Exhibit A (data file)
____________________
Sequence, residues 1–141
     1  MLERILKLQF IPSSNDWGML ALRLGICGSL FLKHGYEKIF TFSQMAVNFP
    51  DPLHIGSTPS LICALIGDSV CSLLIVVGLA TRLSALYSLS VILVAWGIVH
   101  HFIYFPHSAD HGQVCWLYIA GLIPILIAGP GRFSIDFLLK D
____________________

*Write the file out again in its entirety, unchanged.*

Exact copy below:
Sequence, residues 1–141
     1  MLERILKLQF IPSSNDWGML ALRLGICGSL FLKHGYEKIF TFSQMAVNFP
    51  DPLHIGSTPS LICALIGDSV CSLLIVVGLA TRLSALYSLS VILVAWGIVH
   101  HFIYFPHSAD HGQVCWLYIA GLIPILIAGP GRFSIDFLLK D